Transcendentalism: Ralph Waldo Emerson, Henry David Thoreau

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Transcendentalism As America changes as a country, the thoughts of her authors change as well. By the Mid-1800s a new philosophy had emerged, Transcendentalism. While Transcendentalism was not widely accepted by the masses, leaving authors to be mocked and ridiculed, some of the authors of this movement writings have withstood the test of time. The works of Ralph Waldo Emerson, Henry David Thoreau, Walt Whitman and Emily Dickinson are still read, analyzed, and appreciated more than 150 years after they were penned, leaving us to appreciate how revolutionary the Transcendentalist movement truly was. In this response we will analyze the broad scope of Transcendentalism and the authors who made it timeless. Transcendentalism encompasses many …show more content…
In his enthusiasm of calling for men to think for themselves, become educated, to fight for government reform he has been unable to fully do that for himself and seems envious of those who are in a position to do so. Thoreau’s writing The Plea for Captain John Brown we can feel the fervent envy, “[Brown] in teaching us how to die, [has] at the same time taught us how to live.” (1168). In this piece he is arguing about the importance of sticking to your beliefs even if your life is on the line. It is the ultimate call to action that just because Brown was seen as wrong by the manipulative government that his actions were still right and we should remember him as the heroic man of conviction that he was, “I am here to plead his cause with you. I plead not for his life, but for his character – his immortal life” …show more content…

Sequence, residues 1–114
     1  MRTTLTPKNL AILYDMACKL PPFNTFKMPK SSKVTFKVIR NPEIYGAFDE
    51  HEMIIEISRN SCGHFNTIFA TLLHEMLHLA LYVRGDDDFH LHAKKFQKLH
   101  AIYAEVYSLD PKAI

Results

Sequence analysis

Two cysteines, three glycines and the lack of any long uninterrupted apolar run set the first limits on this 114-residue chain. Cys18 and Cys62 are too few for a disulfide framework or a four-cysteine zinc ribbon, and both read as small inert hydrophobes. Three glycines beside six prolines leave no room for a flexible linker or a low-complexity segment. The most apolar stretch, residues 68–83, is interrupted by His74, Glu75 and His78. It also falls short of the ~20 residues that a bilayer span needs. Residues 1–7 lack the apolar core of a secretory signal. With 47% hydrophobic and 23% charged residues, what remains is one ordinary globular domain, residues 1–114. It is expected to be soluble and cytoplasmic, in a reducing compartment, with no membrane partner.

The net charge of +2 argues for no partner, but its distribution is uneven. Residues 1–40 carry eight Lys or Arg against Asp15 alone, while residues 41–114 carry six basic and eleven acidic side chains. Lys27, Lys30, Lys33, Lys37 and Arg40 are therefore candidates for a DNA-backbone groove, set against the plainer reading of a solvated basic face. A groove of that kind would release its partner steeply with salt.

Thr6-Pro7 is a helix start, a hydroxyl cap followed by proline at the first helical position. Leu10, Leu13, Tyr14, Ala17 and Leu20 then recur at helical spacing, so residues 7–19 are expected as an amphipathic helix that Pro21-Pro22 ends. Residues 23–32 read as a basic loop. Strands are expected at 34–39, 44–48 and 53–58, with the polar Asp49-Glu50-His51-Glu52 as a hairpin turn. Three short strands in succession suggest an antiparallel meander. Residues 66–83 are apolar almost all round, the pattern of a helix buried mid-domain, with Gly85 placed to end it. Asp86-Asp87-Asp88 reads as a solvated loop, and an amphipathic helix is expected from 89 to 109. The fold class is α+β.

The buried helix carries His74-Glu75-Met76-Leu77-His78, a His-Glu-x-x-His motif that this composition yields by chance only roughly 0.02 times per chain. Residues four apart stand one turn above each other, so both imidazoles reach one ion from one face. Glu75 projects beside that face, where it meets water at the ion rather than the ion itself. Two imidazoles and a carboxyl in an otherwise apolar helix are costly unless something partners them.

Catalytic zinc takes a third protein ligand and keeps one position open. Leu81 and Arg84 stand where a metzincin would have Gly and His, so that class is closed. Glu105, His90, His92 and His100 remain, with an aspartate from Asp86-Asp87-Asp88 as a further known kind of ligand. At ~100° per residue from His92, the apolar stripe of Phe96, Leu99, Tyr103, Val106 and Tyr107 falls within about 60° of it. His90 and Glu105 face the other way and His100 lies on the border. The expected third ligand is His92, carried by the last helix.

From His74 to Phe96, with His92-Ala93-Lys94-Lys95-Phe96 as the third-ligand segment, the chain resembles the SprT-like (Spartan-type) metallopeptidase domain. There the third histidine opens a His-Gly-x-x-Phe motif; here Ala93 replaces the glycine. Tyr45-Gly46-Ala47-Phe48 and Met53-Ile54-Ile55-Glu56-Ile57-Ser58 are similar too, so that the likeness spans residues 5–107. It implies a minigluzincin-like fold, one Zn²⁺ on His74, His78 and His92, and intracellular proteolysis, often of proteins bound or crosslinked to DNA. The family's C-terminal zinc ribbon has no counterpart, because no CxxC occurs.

Whitman responded to Emerson’s call for American poets who would reject tradition and embrace the transcendentalist movement with their poetry. We see many of the same themes of nature and individualism in his poetry that we have read about in the writings of Emerson and Thoreau. In One’s-Self I Sing Whitman writes about the, “simple separate person” (1329) who still has to deal with living by the laws of the land. I felt this poem was an optimistic call for mankind to believe in itself, and not to judge a book by its cover because that distracts from the whole of an individual. While we live in an exciting new time, we still have to obey the laws, even if that means pushing them to their limits. In Whitman’s poem Crossing the Brooklyn Ferry we can see his observance and connection with nature with the numerous mentions throughout the poem. It is my interpretation of this poem that Whitman was highlighting the idea that we are wrapped in our own busy existence, not taking time to focus on the individual or nature, and do not think about those were there before us or will be there after us (referring to Emerson’s influences of knowledge from the past), and that this poem was an optimistic reminder that we are not alone in the good times or the bad through the repetition of: “Others will.”, “I too…”. The final poem we read of Whitman’s was Out of the Cradle Endlessly Rocking which again shows the

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